Psykologisk Institut

Laila Elina Nockur

Fostering sustainable behavior through group competition

Publikation: Bidrag til tidsskrift/Konferencebidrag i tidsskrift /Bidrag til avisTidsskriftartikelForskningpeer review

Standard

Fostering sustainable behavior through group competition. / Nockur, Laila; Pfattheicher, Stefan.

I: Journal of Environmental Psychology, Bind 71, 101493, 10.2020.

Publikation: Bidrag til tidsskrift/Konferencebidrag i tidsskrift /Bidrag til avisTidsskriftartikelForskningpeer review

Harvard

APA

CBE

MLA

Vancouver

Nockur L, Pfattheicher S. Fostering sustainable behavior through group competition. Journal of Environmental Psychology. 2020 okt.;71:101493. doi: 10.1016/j.jenvp.2020.101493

Author

Bibtex

@article{9bd56f8487114b728994a324e988a356,
title = "Fostering sustainable behavior through group competition",
abstract = "The challenge of handling the Earth's shared, limited resources calls for strategies that promote sustainable behavior. We examine whether competition between groups can foster sustainable behavior and whether dispositional competitiveness moderates this effect. In two well-powered, pre-registered studies (total N = 1946), participants took part in a common resource microworld, in which they shared a simulated fishery with three computer-controlled fishers whom they believed were real people and who either behaved sustainably or unsustainably. Participants were assigned to one of two conditions: In the competition condition, they were invited to compete to be named the most sustainable group, while participants in the control condition received no such invitation. Additionally, we assessed participants' dispositional competitiveness. Our results show that (1) group competition increased sustainable resource management, both when the other group members behaved sustainably and when the other group members behaved unsustainably, and (2) dispositional competitiveness was negatively associated with sustainable behavior when the other group members overused the common resource. There was, however, no significant evidence for an interaction effect between group competition and dispositional competitiveness. The present study therefore introduces competition between groups as a valuable means to fostering sustainable behavior.",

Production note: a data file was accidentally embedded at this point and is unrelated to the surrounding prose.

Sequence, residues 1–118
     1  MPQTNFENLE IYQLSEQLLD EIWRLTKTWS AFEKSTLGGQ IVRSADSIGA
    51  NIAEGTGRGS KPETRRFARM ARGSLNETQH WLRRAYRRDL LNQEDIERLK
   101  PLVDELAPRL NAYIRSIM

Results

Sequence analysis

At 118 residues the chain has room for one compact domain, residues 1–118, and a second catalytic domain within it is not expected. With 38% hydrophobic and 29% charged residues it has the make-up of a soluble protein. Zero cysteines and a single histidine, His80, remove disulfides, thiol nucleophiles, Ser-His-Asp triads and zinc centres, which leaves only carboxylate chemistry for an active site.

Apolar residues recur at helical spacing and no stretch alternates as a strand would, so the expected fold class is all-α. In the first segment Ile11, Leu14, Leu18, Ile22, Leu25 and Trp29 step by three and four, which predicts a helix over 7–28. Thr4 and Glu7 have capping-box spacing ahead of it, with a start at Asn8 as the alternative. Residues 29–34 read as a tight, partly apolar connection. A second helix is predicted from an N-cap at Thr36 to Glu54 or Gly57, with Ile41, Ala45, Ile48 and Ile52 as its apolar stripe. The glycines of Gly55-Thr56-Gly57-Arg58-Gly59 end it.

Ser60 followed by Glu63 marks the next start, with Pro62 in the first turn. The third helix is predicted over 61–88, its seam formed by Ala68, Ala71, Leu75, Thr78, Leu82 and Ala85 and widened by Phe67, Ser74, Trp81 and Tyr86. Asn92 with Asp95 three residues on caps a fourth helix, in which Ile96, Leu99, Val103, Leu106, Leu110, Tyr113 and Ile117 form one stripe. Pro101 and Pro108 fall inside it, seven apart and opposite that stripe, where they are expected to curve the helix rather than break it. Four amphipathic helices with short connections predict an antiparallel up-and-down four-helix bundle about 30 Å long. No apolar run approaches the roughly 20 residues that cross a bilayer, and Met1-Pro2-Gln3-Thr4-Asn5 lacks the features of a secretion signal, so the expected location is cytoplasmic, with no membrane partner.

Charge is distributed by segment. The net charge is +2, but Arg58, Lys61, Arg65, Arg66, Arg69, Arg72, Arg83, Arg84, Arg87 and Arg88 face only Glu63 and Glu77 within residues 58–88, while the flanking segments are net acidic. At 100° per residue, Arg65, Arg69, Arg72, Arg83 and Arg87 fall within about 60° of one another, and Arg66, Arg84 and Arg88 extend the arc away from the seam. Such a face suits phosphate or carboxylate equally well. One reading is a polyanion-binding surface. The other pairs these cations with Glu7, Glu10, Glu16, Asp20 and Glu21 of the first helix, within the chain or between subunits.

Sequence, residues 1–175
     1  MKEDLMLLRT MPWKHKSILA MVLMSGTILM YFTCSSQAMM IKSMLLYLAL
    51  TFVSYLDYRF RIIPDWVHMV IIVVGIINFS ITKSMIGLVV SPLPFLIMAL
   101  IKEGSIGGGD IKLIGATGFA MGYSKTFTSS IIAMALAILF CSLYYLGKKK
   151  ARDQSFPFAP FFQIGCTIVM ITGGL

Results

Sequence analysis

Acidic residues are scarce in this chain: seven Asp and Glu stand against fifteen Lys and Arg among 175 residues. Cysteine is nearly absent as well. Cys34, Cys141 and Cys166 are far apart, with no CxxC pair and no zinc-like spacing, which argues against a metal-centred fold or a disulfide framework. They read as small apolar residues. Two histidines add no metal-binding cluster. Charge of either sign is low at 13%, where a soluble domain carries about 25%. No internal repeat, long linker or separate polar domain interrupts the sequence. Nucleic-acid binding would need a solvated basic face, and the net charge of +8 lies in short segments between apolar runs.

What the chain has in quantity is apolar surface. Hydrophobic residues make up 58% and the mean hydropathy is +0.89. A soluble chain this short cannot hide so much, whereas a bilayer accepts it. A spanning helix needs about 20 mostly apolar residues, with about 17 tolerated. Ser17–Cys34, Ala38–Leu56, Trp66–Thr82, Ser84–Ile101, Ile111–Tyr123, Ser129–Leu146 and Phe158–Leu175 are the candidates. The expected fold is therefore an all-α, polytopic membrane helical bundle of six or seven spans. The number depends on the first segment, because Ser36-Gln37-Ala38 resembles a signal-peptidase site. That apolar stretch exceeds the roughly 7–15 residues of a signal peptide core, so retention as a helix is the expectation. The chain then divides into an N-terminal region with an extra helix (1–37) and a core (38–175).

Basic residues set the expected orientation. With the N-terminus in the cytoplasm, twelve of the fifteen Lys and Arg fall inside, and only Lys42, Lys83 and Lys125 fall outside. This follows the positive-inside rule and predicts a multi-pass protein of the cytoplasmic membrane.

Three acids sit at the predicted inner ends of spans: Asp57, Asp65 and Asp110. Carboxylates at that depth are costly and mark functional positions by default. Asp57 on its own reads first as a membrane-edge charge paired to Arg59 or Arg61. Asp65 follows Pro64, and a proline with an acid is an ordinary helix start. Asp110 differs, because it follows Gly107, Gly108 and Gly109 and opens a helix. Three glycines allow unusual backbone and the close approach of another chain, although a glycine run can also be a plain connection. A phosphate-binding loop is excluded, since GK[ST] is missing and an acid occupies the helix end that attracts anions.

keywords = "Collective action, Common resource dilemma, Dispositional competitiveness, Intergroup competition, Sustainable behavior",
author = "Laila Nockur and Stefan Pfattheicher",
year = "2020",
month = oct,
doi = "10.1016/j.jenvp.2020.101493",
language = "English",
volume = "71",
journal = "Journal of Environmental Psychology",
issn = "0272-4944",
publisher = "Academic Press",

}

RIS

TY - JOUR

T1 - Fostering sustainable behavior through group competition

AU - Nockur, Laila

AU - Pfattheicher, Stefan

PY - 2020/10

Y1 - 2020/10